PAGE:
Overview

dispute resolution regulations


Show Summary Details

Quick Reference

The Employment Act 2002 led to the introduction of dispute resolution regulations in 2004, intended to promote the resolution of disputes at workplace level and reduce the number of cases being taken to an Employment Tribunal. On the one hand, they require employers to follow statutory dismissal and disciplinary procedures (DDPs), whilst on the other they impose statutory grievance procedures (SGPs). DDPs have to be followed for all dismissals for standard reasons and require a three step procedure: (1) the employer sends the employee a letter setting out the reasons for possible dismissal; (2) the employer holds a meeting with the employee to discuss the case, after which the decision is communicated to the employee (if the decision is to dismiss a right of appeal is confirmed); (3) the employee exercises the right of appeal and a further hearing is arranged. For gross misconduct, a two-step procedure may be used. If an employer dismisses without using the procedure then the dismissal is automatically unfair and higher compensation can be paid to the employee. If an employee fails to take advantage of the right to appeal then their compensation can be reduced by between 10 and 50 per cent. SGPs are mandatory for all employers, large and small, and must be used by workers prior to applying to an Employment Tribunal for any issue, other than one relating to dismissal. The minimum requirements are for a three-step procedure: (1) the employee writes to the employer setting out the nature of the grievance; (2) a hearing is organized at which the grievance is aired and the employer must respond with a decision, though not necessarily in writing; (3) the employee appeals if not satisfied and a more senior manager should be present ‘unless not reasonably practical’. The need to follow an SGP before taking a case to a tribunal has been sharply criticized for reducing workers' access to the justice system but it should be pointed out that it is only necessary to lodge a complaint (that is complete stage 1) before applying to a tribunal. In December 2006, the Government ordered a review of dispute resolution, led by Michael Gibbons. This recommended that the dispute resolution regulations be repealed, as they had failed to be effective, and the future of this body of law is consequently uncertain.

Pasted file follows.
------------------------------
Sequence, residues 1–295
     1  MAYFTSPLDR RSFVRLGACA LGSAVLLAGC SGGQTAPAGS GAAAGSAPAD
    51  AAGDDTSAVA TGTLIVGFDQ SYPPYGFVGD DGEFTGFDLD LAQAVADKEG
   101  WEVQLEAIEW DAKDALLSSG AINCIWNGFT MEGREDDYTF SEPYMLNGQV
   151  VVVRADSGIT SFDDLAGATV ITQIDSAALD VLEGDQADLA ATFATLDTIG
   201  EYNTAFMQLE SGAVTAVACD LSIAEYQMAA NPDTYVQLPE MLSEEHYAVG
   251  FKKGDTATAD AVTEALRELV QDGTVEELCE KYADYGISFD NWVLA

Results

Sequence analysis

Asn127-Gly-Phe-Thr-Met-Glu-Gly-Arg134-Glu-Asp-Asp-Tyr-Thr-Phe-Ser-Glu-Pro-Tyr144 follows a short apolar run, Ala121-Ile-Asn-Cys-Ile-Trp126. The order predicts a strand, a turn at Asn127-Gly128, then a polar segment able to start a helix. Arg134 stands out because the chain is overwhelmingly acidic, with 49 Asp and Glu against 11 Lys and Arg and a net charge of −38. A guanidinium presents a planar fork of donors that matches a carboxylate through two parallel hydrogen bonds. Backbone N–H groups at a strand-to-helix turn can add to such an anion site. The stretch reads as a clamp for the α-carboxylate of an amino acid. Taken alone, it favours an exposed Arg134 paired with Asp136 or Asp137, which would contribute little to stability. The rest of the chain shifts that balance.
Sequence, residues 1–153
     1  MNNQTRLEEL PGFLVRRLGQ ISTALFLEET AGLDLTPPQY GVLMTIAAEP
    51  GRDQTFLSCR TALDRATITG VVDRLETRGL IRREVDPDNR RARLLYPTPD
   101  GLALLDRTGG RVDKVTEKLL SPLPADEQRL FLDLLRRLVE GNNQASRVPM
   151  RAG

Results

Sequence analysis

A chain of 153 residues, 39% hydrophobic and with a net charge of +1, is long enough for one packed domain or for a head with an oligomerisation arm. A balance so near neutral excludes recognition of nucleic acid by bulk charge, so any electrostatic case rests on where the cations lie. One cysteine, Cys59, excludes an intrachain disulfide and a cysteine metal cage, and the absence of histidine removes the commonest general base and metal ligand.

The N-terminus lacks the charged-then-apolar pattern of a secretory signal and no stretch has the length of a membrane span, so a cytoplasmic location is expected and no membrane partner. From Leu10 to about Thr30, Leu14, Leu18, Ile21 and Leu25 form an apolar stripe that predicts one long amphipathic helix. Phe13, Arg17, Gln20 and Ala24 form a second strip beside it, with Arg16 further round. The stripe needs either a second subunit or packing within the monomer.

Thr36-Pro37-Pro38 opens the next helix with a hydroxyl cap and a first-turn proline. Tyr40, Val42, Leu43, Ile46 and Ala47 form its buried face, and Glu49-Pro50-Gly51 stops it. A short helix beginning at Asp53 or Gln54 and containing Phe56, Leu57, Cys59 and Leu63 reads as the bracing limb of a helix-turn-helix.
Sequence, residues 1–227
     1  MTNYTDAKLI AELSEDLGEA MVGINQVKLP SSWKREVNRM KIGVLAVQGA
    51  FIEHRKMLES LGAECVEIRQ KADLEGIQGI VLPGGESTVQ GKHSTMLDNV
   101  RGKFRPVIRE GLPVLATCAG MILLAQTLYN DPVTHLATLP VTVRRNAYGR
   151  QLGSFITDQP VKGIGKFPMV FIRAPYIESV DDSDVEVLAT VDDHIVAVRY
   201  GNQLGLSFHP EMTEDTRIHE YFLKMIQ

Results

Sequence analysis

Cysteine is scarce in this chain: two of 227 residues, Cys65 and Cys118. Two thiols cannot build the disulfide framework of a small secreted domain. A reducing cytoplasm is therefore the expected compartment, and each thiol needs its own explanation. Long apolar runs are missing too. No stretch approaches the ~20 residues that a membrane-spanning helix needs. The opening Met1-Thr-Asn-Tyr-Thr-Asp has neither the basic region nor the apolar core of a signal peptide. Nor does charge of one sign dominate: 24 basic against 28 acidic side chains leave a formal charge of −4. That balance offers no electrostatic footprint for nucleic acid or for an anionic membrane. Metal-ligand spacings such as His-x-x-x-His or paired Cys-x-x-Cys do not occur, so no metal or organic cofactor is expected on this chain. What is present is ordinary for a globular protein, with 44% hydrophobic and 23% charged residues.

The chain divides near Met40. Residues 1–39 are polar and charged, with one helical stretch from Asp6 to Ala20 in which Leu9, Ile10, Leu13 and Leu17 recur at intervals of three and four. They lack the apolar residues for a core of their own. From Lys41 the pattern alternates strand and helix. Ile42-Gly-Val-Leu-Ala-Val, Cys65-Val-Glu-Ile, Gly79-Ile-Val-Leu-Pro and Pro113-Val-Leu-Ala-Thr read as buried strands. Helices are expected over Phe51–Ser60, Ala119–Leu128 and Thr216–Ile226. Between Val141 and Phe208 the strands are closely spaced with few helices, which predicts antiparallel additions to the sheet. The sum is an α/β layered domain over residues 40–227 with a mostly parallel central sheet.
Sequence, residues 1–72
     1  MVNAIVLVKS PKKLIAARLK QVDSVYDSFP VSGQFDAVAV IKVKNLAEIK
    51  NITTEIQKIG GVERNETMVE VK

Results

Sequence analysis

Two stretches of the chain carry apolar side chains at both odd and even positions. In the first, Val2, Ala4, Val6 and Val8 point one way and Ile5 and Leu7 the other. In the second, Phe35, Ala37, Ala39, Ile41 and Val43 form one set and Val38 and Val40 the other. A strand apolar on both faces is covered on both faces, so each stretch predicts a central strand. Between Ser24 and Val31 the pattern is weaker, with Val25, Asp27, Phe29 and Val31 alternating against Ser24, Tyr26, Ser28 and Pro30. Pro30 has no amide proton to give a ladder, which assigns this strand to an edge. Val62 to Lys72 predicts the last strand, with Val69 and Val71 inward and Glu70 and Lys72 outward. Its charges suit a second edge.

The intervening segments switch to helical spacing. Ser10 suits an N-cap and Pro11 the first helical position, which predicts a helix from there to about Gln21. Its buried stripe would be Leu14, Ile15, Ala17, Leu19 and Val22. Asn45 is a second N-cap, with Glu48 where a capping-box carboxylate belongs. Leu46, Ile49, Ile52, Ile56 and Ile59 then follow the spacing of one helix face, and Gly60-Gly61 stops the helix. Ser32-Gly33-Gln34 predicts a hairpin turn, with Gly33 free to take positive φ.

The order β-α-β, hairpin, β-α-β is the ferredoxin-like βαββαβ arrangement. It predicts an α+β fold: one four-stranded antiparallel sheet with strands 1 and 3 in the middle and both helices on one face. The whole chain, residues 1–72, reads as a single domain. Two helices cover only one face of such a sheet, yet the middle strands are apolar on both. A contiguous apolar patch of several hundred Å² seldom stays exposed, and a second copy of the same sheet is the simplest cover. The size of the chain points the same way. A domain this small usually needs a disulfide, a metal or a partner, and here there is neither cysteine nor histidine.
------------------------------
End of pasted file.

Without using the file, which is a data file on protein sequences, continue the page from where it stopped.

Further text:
(1) the employer sends the employee a letter setting out the reasons for possible dismissal; (2) the employer holds a meeting with the employee to discuss the case, after which the decision is communicated to the employee (if the decision is to dismiss a right of appeal is confirmed); (3) the employee exercises the right of appeal and a further hearing is arranged. For gross misconduct, a two-step procedure may be used.

(1) the employee writes to the employer setting out the nature of the grievance; (2) a hearing is organized at which the grievance is aired and the employer must respond with a decision, though not necessarily in writing; (3) the employee appeals if not satisfied and a more senior manager should be present ‘unless not reasonably practical’.

[...]

Subjects: Human Resource Management.


Reference entries

Users without a subscription are not able to see the full content. Please, subscribe or login to access all content.